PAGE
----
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Peter Kan, Aminullah Amini, Kristine Hansen, George L. White Jr., Douglas L. Brockmeyer, Marion L. Walker and John R. W. Kestle

Object

Severe traumatic brain injury (TBI) is often accompanied by early death due to transtentorial herniation. Decompressive craniectomy, performed alone or in conjunction with evacuation of the mass lesion, can reduce the incidence of raised intracranial pressure (ICP). In this paper the authors evaluate mortality and morbidity and long-term outcomes in children who underwent decompressive craniectomy for severe TBI at a single institution.

Methods

Children with severe TBI who underwent decompressive craniectomy at the Primary Children’s Medical Center between 1996 and 2005 were identified retrospectively. Descriptive statistics were used to report postoperative mortality and morbidity rates. Long-term recovery in patients who survived was reported using the King’s Outcome Scale for Closed Head Injury (KOSCHI).

Fifty-one children with a mean follow-up period of 18.6 months were identified. Nonaccidental trauma accounted for 23.5% of cases. The mean preoperative Glasgow Coma Scale (GCS) score was 4.6. Six patients underwent decompressive craniectomy for elevated ICP only; all other patients underwent decompressive craniectomy in conjunction with removal of the mass lesion. The mean postoperative GCS score was 9.7, and 69.4% of patients had normal ICP levels immediately after surgery. Sixteen children (31.4%) died, including five of six children who underwent decompressive craniectomy for raised ICP alone. Among surviving patients, 2.9% required a tracheostomy, 11.4% required a gastrostomy, 40% experienced posttraumatic shunt-dependent hydrocephalus, and 20% suffered posttraumatic epilepsy requiring antiepileptic agents. The mean KOSCHI score at the last follow-up examination was 4.5 and the mean time to cranioplasty was 2.3 months.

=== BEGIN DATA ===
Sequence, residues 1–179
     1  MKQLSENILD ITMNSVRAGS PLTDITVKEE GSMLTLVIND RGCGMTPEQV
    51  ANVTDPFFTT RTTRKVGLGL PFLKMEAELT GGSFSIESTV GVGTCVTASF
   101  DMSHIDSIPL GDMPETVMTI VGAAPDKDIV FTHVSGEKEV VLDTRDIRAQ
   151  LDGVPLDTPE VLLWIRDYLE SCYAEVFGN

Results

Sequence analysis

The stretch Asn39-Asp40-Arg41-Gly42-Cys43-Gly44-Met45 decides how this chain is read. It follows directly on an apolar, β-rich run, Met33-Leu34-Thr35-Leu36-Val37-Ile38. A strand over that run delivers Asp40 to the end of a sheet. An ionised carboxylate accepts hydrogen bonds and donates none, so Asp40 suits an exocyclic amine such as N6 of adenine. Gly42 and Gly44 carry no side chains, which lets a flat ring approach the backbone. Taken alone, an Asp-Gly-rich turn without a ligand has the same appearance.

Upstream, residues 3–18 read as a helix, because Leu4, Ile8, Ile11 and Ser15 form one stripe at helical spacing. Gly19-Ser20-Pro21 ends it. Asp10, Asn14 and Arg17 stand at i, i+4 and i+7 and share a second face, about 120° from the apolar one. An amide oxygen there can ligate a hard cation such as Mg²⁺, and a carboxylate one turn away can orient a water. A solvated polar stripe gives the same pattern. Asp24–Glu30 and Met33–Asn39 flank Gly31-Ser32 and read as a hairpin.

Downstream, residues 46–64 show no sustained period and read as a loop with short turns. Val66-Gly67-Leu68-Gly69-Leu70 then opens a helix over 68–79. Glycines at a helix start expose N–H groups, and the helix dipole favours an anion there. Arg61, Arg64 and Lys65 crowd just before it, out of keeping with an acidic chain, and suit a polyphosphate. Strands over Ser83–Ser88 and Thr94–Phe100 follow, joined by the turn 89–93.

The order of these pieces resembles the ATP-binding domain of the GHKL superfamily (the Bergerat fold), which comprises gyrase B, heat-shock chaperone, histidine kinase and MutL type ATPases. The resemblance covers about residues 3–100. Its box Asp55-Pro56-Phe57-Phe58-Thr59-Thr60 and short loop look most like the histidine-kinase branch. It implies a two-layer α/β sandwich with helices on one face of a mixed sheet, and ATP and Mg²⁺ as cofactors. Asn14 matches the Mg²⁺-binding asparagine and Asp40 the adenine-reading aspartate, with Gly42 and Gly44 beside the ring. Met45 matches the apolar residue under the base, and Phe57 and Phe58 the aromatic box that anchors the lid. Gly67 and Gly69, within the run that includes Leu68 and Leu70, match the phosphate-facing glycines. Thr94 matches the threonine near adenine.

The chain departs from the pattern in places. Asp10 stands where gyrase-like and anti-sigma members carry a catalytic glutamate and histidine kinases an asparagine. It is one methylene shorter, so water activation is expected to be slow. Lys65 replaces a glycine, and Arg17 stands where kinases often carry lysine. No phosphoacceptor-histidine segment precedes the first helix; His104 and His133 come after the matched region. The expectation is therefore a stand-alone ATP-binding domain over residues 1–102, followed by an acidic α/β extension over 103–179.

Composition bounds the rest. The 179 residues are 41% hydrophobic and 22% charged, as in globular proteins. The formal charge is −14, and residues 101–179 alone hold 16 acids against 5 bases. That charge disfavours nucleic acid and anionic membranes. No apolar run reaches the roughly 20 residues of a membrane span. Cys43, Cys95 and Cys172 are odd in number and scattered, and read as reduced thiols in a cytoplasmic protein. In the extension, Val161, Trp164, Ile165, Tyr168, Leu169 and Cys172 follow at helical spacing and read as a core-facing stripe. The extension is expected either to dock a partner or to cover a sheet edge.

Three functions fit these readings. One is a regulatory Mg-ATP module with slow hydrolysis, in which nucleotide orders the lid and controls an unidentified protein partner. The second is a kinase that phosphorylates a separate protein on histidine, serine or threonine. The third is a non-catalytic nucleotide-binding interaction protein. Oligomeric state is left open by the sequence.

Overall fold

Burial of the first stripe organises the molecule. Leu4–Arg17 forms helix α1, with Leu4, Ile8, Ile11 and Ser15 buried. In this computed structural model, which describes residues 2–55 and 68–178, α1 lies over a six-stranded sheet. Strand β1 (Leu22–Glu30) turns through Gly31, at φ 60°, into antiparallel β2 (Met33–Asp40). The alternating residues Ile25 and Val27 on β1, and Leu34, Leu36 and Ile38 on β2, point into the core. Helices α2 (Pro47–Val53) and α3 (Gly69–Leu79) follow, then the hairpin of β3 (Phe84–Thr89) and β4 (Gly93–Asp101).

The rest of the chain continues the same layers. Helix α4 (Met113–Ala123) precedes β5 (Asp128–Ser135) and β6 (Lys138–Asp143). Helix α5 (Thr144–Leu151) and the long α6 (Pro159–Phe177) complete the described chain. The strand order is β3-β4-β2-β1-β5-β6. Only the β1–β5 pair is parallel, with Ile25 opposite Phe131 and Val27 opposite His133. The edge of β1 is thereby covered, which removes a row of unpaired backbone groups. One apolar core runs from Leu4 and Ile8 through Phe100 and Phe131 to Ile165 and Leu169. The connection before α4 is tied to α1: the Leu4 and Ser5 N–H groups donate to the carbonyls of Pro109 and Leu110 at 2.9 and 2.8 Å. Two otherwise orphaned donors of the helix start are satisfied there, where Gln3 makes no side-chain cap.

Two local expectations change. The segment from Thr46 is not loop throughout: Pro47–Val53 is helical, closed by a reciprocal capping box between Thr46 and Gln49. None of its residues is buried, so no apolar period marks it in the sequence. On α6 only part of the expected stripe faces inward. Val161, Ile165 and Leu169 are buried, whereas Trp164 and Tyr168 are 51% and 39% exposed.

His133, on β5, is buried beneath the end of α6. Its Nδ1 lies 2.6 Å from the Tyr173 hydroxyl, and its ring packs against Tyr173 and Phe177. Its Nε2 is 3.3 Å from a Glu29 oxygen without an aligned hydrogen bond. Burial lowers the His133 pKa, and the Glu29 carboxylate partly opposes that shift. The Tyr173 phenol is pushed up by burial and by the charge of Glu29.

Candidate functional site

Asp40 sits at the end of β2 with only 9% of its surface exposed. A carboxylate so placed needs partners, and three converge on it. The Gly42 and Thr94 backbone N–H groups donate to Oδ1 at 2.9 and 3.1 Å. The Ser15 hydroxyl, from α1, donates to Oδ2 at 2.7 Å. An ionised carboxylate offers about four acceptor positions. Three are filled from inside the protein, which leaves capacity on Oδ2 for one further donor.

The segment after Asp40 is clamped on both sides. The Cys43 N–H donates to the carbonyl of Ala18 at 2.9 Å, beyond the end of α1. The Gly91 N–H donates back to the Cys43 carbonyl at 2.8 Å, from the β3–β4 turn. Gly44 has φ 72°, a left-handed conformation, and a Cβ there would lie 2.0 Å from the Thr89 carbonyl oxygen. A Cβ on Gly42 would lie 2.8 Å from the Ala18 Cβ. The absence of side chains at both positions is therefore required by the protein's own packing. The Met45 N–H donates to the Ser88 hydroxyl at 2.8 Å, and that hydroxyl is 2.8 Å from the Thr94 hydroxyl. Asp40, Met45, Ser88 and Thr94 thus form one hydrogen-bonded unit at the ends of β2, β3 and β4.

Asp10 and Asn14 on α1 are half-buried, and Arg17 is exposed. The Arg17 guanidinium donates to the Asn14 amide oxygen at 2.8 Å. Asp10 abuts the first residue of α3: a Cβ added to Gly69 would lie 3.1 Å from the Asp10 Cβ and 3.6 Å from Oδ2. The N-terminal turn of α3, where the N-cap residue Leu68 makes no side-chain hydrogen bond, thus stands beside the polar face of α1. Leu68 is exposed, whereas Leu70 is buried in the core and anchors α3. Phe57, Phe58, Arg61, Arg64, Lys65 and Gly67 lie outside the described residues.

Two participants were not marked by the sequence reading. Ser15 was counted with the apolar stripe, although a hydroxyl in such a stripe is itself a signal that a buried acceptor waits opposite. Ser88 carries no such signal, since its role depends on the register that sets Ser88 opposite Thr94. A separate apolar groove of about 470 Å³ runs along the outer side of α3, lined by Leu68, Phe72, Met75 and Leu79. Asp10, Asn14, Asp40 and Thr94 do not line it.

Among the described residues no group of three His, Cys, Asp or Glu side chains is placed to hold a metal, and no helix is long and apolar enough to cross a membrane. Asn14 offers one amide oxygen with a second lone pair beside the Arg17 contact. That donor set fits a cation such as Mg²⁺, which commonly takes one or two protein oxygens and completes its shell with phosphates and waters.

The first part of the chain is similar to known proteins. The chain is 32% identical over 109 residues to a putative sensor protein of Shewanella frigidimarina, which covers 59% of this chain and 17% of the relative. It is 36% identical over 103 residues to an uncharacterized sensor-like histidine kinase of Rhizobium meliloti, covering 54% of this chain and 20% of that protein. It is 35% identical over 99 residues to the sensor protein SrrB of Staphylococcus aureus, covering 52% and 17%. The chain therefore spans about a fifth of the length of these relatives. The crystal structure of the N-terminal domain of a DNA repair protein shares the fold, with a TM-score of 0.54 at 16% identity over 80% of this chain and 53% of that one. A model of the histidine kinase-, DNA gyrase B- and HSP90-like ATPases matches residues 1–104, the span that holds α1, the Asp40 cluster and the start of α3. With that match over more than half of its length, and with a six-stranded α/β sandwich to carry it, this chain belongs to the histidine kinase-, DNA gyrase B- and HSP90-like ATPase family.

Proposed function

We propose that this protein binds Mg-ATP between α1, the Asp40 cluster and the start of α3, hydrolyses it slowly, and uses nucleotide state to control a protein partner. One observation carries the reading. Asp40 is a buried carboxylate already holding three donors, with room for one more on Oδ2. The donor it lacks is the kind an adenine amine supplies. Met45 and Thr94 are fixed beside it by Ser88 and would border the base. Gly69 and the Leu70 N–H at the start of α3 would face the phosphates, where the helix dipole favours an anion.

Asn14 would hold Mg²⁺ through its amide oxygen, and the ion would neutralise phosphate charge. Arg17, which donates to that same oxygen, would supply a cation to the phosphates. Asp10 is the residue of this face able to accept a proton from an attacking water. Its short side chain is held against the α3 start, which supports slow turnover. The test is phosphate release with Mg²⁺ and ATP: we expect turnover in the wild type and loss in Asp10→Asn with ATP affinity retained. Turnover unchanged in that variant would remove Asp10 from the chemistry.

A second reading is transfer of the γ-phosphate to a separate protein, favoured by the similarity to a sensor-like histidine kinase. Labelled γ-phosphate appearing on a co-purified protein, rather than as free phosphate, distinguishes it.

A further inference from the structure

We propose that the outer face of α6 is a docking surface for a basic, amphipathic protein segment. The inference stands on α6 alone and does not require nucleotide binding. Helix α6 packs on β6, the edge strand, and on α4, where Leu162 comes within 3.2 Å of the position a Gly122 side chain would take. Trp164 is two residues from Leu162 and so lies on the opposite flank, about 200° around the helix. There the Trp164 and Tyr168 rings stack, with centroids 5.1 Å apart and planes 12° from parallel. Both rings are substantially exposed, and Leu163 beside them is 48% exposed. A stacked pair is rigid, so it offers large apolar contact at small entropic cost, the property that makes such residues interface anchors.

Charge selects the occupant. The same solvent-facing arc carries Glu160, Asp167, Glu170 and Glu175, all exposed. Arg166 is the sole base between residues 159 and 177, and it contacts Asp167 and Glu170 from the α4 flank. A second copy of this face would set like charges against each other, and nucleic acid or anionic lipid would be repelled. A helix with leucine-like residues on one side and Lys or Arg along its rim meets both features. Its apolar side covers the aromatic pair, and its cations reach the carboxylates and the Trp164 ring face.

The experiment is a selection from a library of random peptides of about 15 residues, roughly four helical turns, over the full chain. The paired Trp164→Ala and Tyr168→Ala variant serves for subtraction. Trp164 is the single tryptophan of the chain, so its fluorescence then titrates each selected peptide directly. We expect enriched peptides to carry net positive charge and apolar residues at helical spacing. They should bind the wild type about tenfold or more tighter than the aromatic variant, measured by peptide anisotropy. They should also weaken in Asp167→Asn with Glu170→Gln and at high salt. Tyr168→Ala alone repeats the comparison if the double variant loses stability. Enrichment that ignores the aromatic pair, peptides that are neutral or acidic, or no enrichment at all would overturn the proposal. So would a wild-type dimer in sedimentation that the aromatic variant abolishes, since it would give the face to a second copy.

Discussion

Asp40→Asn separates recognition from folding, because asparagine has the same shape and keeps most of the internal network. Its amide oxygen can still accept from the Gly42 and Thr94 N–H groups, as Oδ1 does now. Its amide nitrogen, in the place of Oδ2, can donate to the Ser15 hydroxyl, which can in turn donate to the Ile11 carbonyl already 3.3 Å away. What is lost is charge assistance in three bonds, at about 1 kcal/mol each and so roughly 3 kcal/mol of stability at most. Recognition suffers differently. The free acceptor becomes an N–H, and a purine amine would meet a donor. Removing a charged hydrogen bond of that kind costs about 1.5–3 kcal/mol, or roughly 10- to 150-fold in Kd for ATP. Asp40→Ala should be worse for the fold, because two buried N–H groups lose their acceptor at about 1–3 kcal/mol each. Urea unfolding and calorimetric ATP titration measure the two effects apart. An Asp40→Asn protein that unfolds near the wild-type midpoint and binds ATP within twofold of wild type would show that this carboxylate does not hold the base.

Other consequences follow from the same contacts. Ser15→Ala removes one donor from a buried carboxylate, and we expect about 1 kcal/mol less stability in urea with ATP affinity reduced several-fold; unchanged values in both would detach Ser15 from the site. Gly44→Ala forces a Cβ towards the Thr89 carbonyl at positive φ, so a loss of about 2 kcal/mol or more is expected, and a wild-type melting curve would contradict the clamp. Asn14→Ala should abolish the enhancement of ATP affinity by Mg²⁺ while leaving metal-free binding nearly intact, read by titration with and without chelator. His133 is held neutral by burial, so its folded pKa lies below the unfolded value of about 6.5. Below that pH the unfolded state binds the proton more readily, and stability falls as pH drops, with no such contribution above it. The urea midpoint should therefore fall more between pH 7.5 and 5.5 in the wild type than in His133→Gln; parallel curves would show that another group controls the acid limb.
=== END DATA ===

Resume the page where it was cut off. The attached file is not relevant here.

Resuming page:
Conclusions

Posttraumatic hydrocephalus and epilepsy were common complications encountered by children with severe TBI who underwent decompressive craniectomy. In patients who underwent decompressive surgery for raised ICP only, the mortality rate was exceedingly high.